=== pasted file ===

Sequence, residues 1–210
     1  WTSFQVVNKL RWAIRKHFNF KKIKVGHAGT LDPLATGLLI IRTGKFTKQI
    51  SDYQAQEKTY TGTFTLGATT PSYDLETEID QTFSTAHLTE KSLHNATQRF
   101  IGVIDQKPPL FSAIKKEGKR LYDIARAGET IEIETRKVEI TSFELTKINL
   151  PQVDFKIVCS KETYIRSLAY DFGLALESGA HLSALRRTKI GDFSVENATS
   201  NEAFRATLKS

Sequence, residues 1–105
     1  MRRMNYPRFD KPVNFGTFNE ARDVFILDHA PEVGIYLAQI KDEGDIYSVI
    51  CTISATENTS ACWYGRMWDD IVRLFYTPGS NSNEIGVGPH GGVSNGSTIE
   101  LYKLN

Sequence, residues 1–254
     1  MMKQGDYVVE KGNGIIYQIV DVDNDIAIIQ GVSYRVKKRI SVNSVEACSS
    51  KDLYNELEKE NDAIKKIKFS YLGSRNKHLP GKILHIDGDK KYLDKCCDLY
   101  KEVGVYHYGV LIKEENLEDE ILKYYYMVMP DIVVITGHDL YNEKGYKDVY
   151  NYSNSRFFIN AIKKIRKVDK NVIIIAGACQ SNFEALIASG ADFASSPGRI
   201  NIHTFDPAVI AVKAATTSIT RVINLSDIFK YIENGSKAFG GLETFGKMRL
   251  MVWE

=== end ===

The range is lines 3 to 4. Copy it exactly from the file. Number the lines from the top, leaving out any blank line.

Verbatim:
    51  SDYQAQEKTY TGTFTLGATT PSYDLETEID QTFSTAHLTE KSLHNATQRF
   101  IGVIDQKPPL FSAIKKEGKR LYDIARAGET IEIETRKVEI TSFELTKINL